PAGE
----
June 8th, 2020 | by Remeredzai Joseph Kuhudzai
EV conversions around the world have traditionally been taken up as a hobby by EV enthusiasts or by small boutique garages restoring classic cars. But we are starting to see more firms in Africa looking at EV conversions on a commercial scale. e-Car Namibia is looking at jumpstarting the Namibian EV commercial conversion market.
April 21st, 2020 | by Remeredzai Joseph Kuhudzai
Stellenbosch-based MellowVans seeks to help firms across the globe in this space in their quest to unlock operational efficiencies and cost savings by providing them with low cost and emission-free transport. MellowVans develops, manufactures, and leases electric three-wheeler cargo vans that appear to hit the sweet spot of the delivery vehicle market
April 7th, 2020 | by Remeredzai Joseph Kuhudzai
Namibian e-bike startup ebikes4africa has been on a steady growth path over the past 5 years. The business model rightly focused on customer segments characterized by a high utilization rate of vehicles. The startup targeted entrepreneurs in the food vending industry, pharmacies that regularly make delivery runs, and those entrepreneurs using bikes as taxis. They also found off takers in the wildlife protection industry and more prominently in the tourism industry where e-fatbike tours offer an eco-tourism experience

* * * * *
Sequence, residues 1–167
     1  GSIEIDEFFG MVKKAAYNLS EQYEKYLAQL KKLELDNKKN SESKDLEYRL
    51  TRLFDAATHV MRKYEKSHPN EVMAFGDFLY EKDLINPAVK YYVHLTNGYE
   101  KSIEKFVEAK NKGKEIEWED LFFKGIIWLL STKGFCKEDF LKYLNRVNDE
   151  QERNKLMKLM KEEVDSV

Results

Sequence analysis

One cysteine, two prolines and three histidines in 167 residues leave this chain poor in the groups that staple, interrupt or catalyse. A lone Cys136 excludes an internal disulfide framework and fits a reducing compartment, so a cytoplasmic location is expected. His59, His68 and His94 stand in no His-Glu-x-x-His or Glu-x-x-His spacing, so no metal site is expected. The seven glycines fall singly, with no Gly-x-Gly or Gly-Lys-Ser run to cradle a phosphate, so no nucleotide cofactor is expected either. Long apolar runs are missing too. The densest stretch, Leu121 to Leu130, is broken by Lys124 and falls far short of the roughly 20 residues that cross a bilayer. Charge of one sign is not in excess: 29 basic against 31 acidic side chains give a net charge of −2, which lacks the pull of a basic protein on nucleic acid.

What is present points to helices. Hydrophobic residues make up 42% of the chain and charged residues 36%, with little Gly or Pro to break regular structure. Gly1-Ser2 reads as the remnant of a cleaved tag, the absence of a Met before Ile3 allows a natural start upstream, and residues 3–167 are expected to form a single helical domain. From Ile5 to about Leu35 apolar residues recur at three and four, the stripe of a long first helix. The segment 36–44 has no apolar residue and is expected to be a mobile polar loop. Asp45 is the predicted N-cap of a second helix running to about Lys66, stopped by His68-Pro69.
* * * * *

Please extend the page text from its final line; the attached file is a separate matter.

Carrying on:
June 1st, 2019 | by David Zarembka
Hydropower has great attractions for Africa. First like coal, nuclear, hydropower, and geothermal are base load power. Except for South Africa, which is highly dependent on coal and its two nuclear power plants, there are no other nuclear power plants in Africa and very few coal plants. So along with geothermal power in Kenya, hydropower is the main source of baseload power
May 21st, 2019 | by Joshua S Hill
A new study from German Solar Association and the Becquerel Institute has concluded that with the right policies and support, Africa could be adding as much as 29 gigawatts (GW) of new annual solar capacity in 2030.
April 5th, 2017 | by Joshua S Hill
The concentration of global solar demand has contracted to the point where the world's top four markets --- China, the US, India, and Japan --- are expected to account for 73% of a global total of 85 gigawatts in 2017.